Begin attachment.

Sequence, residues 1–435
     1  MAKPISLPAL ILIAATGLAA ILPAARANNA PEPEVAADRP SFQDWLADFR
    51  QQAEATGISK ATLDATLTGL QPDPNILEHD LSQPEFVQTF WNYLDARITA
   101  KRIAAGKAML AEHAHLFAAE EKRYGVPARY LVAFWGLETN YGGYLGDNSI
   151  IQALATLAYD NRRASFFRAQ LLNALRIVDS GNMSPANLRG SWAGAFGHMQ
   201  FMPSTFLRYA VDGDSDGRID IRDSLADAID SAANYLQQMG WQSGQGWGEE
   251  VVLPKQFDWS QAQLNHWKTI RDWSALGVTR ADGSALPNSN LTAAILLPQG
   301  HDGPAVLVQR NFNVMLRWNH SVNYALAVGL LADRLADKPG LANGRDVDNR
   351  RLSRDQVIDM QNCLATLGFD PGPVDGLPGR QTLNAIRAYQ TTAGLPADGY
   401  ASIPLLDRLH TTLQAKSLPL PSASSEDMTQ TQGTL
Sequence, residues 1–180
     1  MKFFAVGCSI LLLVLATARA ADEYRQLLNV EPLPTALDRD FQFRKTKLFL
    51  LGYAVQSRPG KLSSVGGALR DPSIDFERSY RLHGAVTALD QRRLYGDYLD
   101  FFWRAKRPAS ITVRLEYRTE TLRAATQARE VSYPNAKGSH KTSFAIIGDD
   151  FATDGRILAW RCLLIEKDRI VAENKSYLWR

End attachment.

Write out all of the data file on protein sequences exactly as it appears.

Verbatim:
Sequence, residues 1–435
     1  MAKPISLPAL ILIAATGLAA ILPAARANNA PEPEVAADRP SFQDWLADFR
    51  QQAEATGISK ATLDATLTGL QPDPNILEHD LSQPEFVQTF WNYLDARITA
   101  KRIAAGKAML AEHAHLFAAE EKRYGVPARY LVAFWGLETN YGGYLGDNSI
   151  IQALATLAYD NRRASFFRAQ LLNALRIVDS GNMSPANLRG SWAGAFGHMQ
   201  FMPSTFLRYA VDGDSDGRID IRDSLADAID SAANYLQQMG WQSGQGWGEE
   251  VVLPKQFDWS QAQLNHWKTI RDWSALGVTR ADGSALPNSN LTAAILLPQG
   301  HDGPAVLVQR NFNVMLRWNH SVNYALAVGL LADRLADKPG LANGRDVDNR
   351  RLSRDQVIDM QNCLATLGFD PGPVDGLPGR QTLNAIRAYQ TTAGLPADGY
   401  ASIPLLDRLH TTLQAKSLPL PSASSEDMTQ TQGTL
Sequence, residues 1–180
     1  MKFFAVGCSI LLLVLATARA ADEYRQLLNV EPLPTALDRD FQFRKTKLFL
    51  LGYAVQSRPG KLSSVGGALR DPSIDFERSY RLHGAVTALD QRRLYGDYLD
   101  FFWRAKRPAS ITVRLEYRTE TLRAATQARE VSYPNAKGSH KTSFAIIGDD
   151  FATDGRILAW RCLLIEKDRI VAENKSYLWR